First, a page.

The high charge and high energy (HZE) particle radiation environment in space interacts with spacecraft materials and the human body to create a population of neutrons encompassing a broad kinetic energy spectrum. As an HZE ion penetrates matter, there is an increasing chance of fragmentation as penetration depth increases. When an ion fragments, secondary neutrons are released with velocities up to that of the primary ion, giving some neutrons very long penetration ranges. These secondary neutrons have a high relative biological effectiveness, are difficult to effectively shield, and can cause more biological damage than the primary ions in some scenarios. Ground-based irradiation experiments that simulate the space radiation environment must account for this spectrum of neutrons. Using the Particle and Heavy Ion Transport Code System (PHITS), it is possible to simulate a neutron environment that is characteristic of that found in spaceflight. Considering neutron dosimetry, the focus lies on the broad spectrum of recoil protons that are produced in biological targets. In a biological target, dose at a certain penetration depth is primarily dependent upon recoil proton tracks. The PHITS code can be used to simulate a broad-energy neutron spectrum traversing biological targets, and it account for the recoil particle population. This project focuses on modeling a neutron beamline irradiation scenario for determining dose at increasing depth in water targets. Energy-deposition events and particle fluence can be simulated by establishing cross-sectional scoring routines at different depths in a target. This type of model is useful for correlating theoretical data with actual beamline radiobiology experiments. Other work exposed human fibroblast cells to a high-energy neutron source to study micronuclei induction in cells at increasing depth behind water shielding. Those findings provide supporting data describing dose vs. depth across a water-equivalent medium. This
Spallation neutron production and the current intra-nuclear cascade and transport codes
NASA Astrophysics Data System (ADS)
Filges, D.; Goldenbaum, F.; Enke, M.; Galin, J.; Herbach, C.-M.; Hilscher, D.; Jahnke, U.; Letourneau, A.; Lott, B.; Neef, R.-D.; Nünighoff, K.; Paul, N.; Péghaire, A.; Pienkowski, L.; Schaal, H.; Schröder, U.; Sterzenbach, G.; Tietze, A.; Tishchenko, V.; Toke, J.; Wohlmuther, M.
A recent renascent interest in energetic proton-induced production of neutrons originates largely from the inception of projects for target stations of intense spallation neutron sources, like the planned European Spallation Source (ESS), accelerator-driven nuclear reactors, nuclear waste transmutation, and also from the application for radioactive beams. In the framework of such a neutron production, of major importance is the search for ways for the most efficient conversion of the primary beam energy into neutron production. Although the issue has been quite successfully addressed experimentally by varying the incident proton energy for various target materials and by covering a huge collection of different target geometries --providing an exhaustive matrix of benchmark data-- the ultimate challenge is to increase the predictive power of transport codes currently on the market. To scrutinize these codes, calculations of reaction cross-sections, hadronic interaction lengths, average neutron multiplicities, neutron multiplicity and energy distributions, and the development of hadronic showers are confronted with recent experimental data of the NESSI collaboration. Program packages like HERMES, LCS or MCNPX master the prevision of reaction cross-sections, hadronic interaction lengths, averaged neutron multiplicities and neutron multiplicity distributions in thick and thin targets for a wide spectrum of incident proton energies, geometrical shapes and materials of the target generally within less than 10% deviation, while production cross-section measurements for light charged particles on thin targets point out that appreciable distinctions exist within these models.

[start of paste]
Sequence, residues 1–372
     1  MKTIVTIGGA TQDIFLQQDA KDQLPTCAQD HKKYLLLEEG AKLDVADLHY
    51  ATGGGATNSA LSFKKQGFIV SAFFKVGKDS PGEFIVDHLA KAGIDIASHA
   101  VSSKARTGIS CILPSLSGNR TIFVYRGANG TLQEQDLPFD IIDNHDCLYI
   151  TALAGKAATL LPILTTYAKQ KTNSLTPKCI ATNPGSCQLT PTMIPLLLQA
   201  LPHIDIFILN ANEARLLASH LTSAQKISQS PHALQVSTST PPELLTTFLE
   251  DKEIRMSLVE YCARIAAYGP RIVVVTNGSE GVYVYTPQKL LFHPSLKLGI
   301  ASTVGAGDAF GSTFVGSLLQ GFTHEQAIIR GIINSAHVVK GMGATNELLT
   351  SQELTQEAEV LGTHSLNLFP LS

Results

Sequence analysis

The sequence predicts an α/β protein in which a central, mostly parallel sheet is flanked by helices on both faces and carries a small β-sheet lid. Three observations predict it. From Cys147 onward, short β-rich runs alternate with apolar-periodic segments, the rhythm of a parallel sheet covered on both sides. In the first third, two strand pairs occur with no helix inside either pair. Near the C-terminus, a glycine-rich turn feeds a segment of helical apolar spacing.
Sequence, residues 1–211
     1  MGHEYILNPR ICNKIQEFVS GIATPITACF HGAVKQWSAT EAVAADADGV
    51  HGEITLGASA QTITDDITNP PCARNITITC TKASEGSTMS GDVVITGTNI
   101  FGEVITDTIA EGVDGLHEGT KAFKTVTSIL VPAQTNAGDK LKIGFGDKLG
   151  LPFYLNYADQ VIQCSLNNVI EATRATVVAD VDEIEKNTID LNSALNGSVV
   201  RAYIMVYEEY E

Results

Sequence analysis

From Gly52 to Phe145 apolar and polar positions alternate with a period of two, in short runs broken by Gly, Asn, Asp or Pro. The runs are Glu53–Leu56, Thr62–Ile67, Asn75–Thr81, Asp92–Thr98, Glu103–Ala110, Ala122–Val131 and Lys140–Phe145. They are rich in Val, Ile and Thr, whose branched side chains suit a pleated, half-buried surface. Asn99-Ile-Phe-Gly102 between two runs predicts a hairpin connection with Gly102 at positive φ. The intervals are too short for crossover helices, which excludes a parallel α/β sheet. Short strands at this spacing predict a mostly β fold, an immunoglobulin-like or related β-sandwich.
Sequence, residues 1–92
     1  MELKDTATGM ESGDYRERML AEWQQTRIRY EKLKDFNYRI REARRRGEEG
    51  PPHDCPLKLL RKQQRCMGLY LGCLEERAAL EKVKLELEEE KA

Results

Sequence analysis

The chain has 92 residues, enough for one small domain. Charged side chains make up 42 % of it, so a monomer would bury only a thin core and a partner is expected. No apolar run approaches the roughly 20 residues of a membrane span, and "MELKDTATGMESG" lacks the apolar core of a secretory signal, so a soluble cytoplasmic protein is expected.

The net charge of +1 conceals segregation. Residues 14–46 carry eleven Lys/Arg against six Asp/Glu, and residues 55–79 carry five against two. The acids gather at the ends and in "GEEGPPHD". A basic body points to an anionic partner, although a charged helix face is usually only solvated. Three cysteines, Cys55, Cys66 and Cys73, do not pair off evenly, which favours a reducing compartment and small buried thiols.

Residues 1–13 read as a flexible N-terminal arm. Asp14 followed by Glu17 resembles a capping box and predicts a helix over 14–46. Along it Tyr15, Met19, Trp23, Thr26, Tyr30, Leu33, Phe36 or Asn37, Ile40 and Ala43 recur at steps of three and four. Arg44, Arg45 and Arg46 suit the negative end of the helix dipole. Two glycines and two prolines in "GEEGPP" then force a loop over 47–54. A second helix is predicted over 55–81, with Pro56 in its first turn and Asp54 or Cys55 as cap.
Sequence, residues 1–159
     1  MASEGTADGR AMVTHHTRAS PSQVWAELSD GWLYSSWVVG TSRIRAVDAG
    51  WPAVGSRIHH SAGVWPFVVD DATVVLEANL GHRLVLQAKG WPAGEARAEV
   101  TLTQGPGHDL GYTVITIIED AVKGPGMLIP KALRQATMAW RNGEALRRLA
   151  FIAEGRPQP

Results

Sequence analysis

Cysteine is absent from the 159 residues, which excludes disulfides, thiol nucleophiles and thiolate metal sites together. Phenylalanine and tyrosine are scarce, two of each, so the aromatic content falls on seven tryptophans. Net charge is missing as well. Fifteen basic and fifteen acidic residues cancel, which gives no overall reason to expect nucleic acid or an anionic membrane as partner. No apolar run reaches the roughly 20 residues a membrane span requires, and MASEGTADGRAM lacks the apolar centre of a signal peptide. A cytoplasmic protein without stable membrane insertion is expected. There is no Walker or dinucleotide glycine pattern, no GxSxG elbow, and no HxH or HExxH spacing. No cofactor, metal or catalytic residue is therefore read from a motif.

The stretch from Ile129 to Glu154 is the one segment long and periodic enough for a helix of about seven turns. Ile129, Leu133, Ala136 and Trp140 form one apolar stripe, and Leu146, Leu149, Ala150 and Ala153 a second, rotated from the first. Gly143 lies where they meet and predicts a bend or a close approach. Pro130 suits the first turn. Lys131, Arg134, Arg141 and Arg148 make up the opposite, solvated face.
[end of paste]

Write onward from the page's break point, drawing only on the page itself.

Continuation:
Least-squares finite element discretizations of neutron transport equations in 3 dimensions
Manteuffel, T.A; Ressel, K.J.; Starkes, G.
1996-12-31
The least-squares finite element framework to the neutron transport equation introduced in is based on the minimization of a least-squares functional applied to the properly scaled neutron transport equation. Here we report on some practical aspects of this approach for neutron transport calculations in three space dimensions. The systems of partial differential equations resulting from a P{sub 1} and P{sub 2} approximation of the angular dependence are derived. In the diffusive limit, the system is essentially a Poisson equation for zeroth moment and has a divergence structure for the set of moments of order 1. One of the key features of the least-squares approach is that it produces a posteriori error bounds. We report on the numerical results obtained for the minimum of the least-squares functional augmented by an additional boundary term using trilinear finite elements on a uniform tesselation into cubes.